Recently I received an email that purportedly came from a professional organization I am a member of. I didn’t know the person, but the subject read, “American Association of Daily Money Managers,” so I reached back out. I asked the sender how I could help and I got an email that said, “I need you to go pick up three $200 gift cards for Nordstrom’s, and put them on your credit card, and then tell me how much they were and I’ll reimburse you.”

My first reaction was to be insulted. Don’t they know money managers are good at catching scams? Then I realized the whole thing was probably a blip on a computer somewhere, costing less than a penny to send.

That didn’t satisfy my curiosity as to who would do such a thing for a living. There’s a consensus that scam artists are also disasters in real life, unusually manipulative people who ply their trade in small ways and large ways. They know how people react when they use legal words, or if they are given a deadline. (Over-the-top use of legalese is a good sign that the person who sent something to you is not a lawyer or government entity.)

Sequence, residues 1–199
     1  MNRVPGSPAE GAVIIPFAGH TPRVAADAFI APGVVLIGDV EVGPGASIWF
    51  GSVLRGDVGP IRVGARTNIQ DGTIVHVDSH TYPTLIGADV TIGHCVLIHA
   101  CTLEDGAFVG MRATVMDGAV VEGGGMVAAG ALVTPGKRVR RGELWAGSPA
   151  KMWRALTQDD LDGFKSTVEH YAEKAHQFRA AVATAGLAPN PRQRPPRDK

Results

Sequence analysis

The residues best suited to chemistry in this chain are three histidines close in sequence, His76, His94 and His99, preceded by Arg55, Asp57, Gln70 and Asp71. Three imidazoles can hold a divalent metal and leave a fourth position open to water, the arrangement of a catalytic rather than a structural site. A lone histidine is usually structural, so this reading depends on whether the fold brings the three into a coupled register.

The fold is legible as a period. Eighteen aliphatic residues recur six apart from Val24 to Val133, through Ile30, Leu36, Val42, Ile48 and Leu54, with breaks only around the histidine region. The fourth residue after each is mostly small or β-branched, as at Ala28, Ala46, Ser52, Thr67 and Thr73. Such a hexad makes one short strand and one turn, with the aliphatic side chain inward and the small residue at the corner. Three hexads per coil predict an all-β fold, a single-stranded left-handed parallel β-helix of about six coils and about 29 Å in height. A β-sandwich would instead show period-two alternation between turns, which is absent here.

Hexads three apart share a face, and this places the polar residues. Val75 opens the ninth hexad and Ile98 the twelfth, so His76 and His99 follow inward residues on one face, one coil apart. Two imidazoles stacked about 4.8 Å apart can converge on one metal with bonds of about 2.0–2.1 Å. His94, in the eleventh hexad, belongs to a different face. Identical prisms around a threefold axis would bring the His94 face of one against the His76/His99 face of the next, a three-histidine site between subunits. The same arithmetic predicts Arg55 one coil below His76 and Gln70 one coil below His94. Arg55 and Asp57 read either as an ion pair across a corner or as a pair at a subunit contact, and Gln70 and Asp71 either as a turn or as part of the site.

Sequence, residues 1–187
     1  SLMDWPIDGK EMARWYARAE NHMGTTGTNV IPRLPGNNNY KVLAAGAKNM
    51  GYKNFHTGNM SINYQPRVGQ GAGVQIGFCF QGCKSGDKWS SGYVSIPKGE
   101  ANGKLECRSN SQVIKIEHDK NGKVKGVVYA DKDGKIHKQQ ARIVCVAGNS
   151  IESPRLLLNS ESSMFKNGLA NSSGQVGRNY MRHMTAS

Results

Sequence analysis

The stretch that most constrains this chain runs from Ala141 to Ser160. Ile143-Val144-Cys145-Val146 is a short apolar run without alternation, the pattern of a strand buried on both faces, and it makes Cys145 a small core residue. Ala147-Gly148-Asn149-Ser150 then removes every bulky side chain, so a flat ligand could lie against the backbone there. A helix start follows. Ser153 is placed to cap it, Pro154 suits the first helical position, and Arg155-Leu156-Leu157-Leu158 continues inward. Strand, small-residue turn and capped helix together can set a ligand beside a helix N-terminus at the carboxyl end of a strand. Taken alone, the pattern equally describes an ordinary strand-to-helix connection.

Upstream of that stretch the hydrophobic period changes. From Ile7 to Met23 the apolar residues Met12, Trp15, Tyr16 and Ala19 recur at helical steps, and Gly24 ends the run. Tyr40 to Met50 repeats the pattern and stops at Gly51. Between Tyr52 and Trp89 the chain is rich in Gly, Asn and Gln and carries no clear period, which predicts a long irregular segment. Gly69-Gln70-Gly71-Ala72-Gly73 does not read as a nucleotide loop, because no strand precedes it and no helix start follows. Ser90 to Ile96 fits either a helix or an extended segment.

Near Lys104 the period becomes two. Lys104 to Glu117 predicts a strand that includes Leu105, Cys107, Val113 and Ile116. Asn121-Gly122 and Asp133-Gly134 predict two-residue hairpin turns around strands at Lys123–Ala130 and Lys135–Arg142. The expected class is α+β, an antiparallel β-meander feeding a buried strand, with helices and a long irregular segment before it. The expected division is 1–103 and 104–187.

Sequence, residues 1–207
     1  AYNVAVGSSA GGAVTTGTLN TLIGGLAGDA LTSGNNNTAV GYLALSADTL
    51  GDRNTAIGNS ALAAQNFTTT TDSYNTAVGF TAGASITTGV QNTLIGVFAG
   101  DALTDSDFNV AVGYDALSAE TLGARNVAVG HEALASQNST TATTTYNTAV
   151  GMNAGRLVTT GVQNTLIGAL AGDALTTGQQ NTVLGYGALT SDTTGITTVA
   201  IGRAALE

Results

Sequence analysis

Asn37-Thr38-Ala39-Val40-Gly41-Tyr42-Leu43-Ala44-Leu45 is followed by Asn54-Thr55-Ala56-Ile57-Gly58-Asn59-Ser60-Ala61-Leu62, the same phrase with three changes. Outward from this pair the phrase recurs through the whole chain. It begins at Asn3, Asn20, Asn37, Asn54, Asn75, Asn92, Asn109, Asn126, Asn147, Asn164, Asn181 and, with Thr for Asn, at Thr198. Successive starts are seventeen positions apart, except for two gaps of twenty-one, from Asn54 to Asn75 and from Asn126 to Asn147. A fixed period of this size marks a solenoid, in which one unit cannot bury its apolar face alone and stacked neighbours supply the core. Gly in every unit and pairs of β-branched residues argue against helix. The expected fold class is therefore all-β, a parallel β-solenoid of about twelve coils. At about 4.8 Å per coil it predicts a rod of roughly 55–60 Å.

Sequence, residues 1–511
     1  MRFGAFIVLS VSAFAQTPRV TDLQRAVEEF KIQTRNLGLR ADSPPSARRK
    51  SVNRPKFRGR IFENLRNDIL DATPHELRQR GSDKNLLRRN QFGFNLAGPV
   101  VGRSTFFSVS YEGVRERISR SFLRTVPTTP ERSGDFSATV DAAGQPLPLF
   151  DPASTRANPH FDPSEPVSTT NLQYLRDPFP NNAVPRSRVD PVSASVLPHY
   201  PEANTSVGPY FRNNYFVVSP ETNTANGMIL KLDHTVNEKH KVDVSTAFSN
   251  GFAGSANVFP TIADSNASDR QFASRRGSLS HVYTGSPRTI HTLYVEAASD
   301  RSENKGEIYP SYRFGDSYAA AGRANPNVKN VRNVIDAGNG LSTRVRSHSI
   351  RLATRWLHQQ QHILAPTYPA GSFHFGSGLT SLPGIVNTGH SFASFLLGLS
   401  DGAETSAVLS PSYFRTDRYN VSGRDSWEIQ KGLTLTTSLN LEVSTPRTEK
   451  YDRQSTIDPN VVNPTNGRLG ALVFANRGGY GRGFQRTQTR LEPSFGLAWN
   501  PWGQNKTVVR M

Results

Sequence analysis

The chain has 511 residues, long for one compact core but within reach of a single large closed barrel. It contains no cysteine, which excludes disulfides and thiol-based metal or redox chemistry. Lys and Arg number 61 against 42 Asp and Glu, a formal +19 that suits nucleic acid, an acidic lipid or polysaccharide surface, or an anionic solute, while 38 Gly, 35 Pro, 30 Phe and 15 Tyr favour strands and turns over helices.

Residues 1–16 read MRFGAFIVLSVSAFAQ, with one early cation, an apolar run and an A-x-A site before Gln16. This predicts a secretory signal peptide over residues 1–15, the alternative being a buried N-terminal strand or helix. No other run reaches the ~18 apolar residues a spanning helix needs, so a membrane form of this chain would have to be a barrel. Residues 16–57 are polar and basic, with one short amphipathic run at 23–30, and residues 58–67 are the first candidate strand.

Scam artists are most true to their nature when they prey on the weak.

The best way to counter these evil geniuses is to never, ever open an email from them. If you reply, even to just give them a piece of your mind, you will be placed on a “suckers” list. That will begin a torrent of multiple scams being sent to you everyday. And while you may be able to filter these messages out, many people do not have that knowledge.

Unfortunately, thieves know that, often, their “marks” will overestimate their own ability to pull out of a scam. The classic “Nigerian prince” scam is a perfect illustration of this; the money transfer takes place via wire, which is instant and irreversible.

At JHA we’re always taking steps to detect — and stamp out — spam on our end, and we may be able to help you. Contact us to learn more.